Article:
The foster mother was 62 years old; the foster father was 57. They had been married for 13 years. They had five other children in informal placements or foster care, ranging from 15 years old to two years old. The foster father was unemployed and had an elementary school education; he was arrested for an "immigration issue" several years ago, but an amnesty program had resolved that problem, he reported "no additional criminal history," and the incident appeared to have been "an isolated occurrence." The foster mother, who also had an elementary education, was employed by Enterprise Rancheria and worked from home. The foster parents had demonstrated good parenting practices with the other children in their home and could meet the minor's needs.
Shortly after the adoptions assessment was submitted, mother filed a section 388 petition, requesting the reinstatement of services or the placement of the minor in her custody. Mother alleged that she was now in a residential substance abuse treatment program and had been clean and sober for "an extended period."
The juvenile court set the section 388 petition for hearing together with the section 366.26 proceeding.
The section 366.26 report recommended termination of parental rights and adoption. The minor was still thriving in the prospective adoptive home. The tribe supported the department's plan, and the Indian expert did not object to it. Mother had visited only twice in the last four months. The prospective adoptive parents were open to postadoption contacts with the minor's birth family, including mother.
The report of Indian expert Angelina Arroyo recommended keeping the minor in her current placement until a permanent placement plan had been determined. The minor was thriving and happy there, and was clearly attached to the foster father.
Mother reported to Arroyo that she had been in rehabilitation for 77 days and felt she was doing well; she had moved to another county to start a better life. She had had a good three-hour visit with the minor around a month ago. She had good support from the maternal grandmother (who saw the minor every other week) and other family members.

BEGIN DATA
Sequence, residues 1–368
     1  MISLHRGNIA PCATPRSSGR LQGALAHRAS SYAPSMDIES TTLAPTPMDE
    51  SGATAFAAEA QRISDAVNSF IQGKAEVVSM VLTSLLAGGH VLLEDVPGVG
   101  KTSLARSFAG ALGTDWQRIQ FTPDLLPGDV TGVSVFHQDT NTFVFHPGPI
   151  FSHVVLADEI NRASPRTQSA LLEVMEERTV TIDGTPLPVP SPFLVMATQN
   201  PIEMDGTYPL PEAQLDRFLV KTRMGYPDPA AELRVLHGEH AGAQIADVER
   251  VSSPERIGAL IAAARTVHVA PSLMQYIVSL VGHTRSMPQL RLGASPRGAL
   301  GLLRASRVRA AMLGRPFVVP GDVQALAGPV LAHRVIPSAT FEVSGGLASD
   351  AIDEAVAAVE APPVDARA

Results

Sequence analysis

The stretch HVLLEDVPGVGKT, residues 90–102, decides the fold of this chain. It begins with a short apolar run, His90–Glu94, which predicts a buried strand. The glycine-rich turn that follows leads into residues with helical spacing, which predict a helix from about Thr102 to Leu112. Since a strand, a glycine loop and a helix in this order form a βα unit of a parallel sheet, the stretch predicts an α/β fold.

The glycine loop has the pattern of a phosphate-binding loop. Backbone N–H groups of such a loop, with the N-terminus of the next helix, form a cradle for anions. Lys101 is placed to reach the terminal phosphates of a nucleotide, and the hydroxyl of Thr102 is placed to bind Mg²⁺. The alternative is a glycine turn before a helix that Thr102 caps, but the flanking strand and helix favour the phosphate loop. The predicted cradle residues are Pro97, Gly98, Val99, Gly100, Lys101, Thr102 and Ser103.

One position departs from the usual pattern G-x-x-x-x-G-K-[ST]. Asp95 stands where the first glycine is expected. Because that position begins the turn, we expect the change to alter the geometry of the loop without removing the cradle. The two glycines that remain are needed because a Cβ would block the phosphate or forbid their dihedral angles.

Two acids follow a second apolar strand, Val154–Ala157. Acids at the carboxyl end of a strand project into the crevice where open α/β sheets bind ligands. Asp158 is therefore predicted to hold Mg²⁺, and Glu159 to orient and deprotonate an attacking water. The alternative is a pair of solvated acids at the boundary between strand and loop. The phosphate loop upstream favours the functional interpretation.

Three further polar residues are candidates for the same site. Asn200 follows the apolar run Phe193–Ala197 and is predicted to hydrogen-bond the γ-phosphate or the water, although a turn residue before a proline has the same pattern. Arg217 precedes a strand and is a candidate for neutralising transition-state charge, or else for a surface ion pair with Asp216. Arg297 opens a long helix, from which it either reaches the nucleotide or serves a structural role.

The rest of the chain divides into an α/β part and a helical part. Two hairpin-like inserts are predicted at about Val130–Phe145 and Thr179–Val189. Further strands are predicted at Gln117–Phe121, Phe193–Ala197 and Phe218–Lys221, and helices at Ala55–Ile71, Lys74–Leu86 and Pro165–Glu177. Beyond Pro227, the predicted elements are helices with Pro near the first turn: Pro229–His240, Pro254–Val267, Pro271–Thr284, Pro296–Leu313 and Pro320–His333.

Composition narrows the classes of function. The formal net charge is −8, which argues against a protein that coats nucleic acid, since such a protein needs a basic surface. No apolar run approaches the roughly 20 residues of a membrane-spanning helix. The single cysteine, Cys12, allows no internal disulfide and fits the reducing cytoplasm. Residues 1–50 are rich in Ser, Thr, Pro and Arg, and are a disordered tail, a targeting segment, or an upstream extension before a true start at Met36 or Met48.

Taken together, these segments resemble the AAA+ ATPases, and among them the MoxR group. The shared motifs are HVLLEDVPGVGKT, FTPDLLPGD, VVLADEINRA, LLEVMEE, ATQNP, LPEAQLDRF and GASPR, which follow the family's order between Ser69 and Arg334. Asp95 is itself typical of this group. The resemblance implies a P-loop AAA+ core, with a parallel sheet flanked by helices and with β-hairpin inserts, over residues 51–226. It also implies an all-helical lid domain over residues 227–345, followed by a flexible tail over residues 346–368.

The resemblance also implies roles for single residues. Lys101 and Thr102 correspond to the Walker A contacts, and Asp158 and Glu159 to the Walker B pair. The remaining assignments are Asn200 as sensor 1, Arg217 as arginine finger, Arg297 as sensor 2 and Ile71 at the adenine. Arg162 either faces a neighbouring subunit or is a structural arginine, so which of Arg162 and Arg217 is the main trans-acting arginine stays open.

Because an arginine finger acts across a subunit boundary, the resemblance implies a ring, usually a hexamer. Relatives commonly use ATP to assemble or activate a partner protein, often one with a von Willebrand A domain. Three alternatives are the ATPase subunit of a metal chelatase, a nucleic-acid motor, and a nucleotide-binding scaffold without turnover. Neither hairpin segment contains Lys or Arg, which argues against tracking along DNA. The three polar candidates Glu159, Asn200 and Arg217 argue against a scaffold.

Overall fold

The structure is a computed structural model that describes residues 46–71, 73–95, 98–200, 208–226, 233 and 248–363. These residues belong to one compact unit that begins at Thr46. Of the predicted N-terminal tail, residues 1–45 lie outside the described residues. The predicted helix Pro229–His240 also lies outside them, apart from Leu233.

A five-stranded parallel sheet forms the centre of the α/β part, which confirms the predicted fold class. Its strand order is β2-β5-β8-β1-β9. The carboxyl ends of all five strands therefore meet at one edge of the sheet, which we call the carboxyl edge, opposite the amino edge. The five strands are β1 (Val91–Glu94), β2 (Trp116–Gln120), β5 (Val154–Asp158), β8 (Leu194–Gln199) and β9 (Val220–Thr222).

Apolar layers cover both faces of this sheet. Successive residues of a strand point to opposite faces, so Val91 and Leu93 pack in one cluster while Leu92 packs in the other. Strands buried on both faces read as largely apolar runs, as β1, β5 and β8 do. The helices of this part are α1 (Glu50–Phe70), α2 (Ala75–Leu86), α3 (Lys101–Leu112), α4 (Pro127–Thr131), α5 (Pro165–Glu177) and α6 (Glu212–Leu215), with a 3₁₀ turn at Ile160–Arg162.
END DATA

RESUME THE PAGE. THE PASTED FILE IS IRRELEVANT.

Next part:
The foster family reported to Arroyo that although the minor had a weak immune system, mother had returned the minor from a visit without socks and the minor afterward became ill. When mother was allowed to stay at the foster home to visit the minor, mother did not respond to the minor's needs, but let the foster mother do it instead.*fn3
It was Arroyo's opinion that continued custody of the minor by the biological parent was likely to result in serious emotional or physical harm to the minor.
A letter from the "Family Program Facilitator" at Door To Hope, mother's treatment program, stated: Mother had been in residence for just over two months and was now entering the last phase of treatment. Women who did "the initial [r]ecovery work" for four to six months, then moved to a transitional facility with their children, then stayed in a "clean and sober [c]ommunity" for another 18 months, normally did very well.
In an addendum to her report, Arroyo found that active efforts had been made to provide remedial services and rehabilitation to prevent the breakup of the Indian family, those efforts were unsuccessful, and that as a result there was proof beyond a reasonable doubt that continued custody of the minor by the parent was likely to result in serious emotional or physical damage to the minor.*fn4 Therefore, Arroyo now recommended termination of parental rights.
At the contested section 388/section 366.26 hearing, state adoptions social worker Sydne Murua testified that she believed the foster father was a legal resident, but not a United States citizen. If he were to be arrested or deported, Murua would assume that could affect the stability of the prospective adoptive home. However, Murua had no reason to doubt the foster mother's statement that the foster father completed an amnesty program and was no longer considered illegal.*fn5 Aside from his past problem with immigration, he had no criminal history.
Murua believed the foster parents had not obtained specialized training in the health issues of children who tested positive for drugs at birth. Despite that fact, Murua considered their home a suitable adoptive placement. The minor had been assessed for developmental issues, and it was determined that she did not have any at this point.